While Memphis-based Baptist Memorial Health Care Corp. may intend to be “the high-quality and low-cost provider” in its region, spending $200 million on an EMR purchase has got to make that a bit more, shall we say, challenging.

While health systems nationwide are struggling with issues not of their own making, such as some states’ decision not to expand Medicaid, it appears that Baptist Memorial’s financial troubles have at least some relationship to the size of its 2012 investment in an Epic EMR platform.

Baptist, which let 112 workers go in September, has seen Standard & Poor’s lower its long-term rating on the health system’s bond debt twice since mid-2013.  Through June, the system’s losses totaled $124 million, according to S&P.

Baptist employs 15,000 workers at 14 hospitals located across the mid-south of the US, so the staffing cuts clearly don’t constitute a mass layoffs. What’s more, the layoffs are concentrated corporate services, Baptist reports, suggesting that the chain is being careful not to gut its clinical services infrastructure. In other words, I’m not suggesting that Baptist is completely falling apart, Epic investment or no.

But the health system’s financial health has deteriorated significantly over the past few years. After all, back in 2009, S&P gave Baptist Memorial a long-term ‘AA’ rating, based on its strong liquidity and low debt levels; history of positive excess income and good cash flow; and solid and stable market share in his total surface area, with favorable growth in metropolitan Memphis.

However, at this point Baptist is clearly struggling, so much so that is taking the extraordinary step of cutting the salaries of top executives in the system by 22% to 23%. That includes cutting the salary of health system CEO Jason Little. But this is clearly a symbolic gesture, as executive pay cuts can’t dent multimillion dollar operating revenue shortfalls.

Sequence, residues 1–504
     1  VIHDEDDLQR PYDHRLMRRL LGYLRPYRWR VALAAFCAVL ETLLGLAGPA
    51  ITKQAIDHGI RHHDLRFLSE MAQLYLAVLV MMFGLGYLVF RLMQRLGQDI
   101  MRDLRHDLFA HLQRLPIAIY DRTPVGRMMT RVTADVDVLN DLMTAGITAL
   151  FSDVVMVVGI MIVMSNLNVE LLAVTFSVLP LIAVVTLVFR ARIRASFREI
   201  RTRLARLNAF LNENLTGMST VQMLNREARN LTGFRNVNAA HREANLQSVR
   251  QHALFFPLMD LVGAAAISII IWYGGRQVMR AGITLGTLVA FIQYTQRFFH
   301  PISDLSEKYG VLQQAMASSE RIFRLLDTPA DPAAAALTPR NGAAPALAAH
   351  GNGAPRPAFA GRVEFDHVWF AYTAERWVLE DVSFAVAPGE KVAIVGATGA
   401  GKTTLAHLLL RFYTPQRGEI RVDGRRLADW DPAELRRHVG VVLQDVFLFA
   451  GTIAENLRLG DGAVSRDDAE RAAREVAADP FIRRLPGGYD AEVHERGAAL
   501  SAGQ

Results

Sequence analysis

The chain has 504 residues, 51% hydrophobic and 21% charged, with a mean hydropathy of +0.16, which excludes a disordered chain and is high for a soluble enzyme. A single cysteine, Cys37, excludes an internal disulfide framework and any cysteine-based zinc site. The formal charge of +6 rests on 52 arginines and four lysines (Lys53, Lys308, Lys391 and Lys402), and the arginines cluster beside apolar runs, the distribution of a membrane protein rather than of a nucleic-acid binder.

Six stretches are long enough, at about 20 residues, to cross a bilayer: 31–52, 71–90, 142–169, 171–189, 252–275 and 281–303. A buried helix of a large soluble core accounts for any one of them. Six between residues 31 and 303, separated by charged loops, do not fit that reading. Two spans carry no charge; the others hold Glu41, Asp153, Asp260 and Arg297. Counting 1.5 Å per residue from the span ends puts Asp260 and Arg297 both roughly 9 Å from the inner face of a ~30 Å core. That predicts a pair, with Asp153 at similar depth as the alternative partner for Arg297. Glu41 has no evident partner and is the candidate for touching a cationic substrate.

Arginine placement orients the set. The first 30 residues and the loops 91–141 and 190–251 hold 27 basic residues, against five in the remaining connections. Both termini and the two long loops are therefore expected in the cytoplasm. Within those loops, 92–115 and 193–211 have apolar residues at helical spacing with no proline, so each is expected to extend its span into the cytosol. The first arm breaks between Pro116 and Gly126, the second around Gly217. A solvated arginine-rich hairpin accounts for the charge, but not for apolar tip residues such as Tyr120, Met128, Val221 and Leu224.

So what will help Baptist improve its financial health? In public statements,  Baptist CEO Little has said that the hospitals’ length of stay has been excessive for the compensation that they get from payers, and that fixing this is his key focus. This problem, of course, is only likely to get worse as value-based reimbursement becomes the rule, so that strategy seems to make sense.

But Baptist is also going to have to live with its IT spending decisions, and it seems obvious that they’ve had long-term repercussions. I don’t think any outsider can say whether Baptist should have bought the Epic system, or how much it should have spent, but the investment has clearly been a strain.

CFO Pleads Guilty To Meaningful Use Fraud

Posted on November 24, 2014 I Written By

Anne Zieger is veteran healthcare editor and analyst with 25 years of industry experience. Zieger formerly served as editor-in-chief of FierceHealthcare.com and her commentaries have appeared in dozens of international business publications, including Forbes, Business Week and Information Week. She has also contributed content to hundreds of healthcare and health IT organizations, including several Fortune 500 companies. She can be reached at @ziegerhealth or www.ziegerhealthcare.com.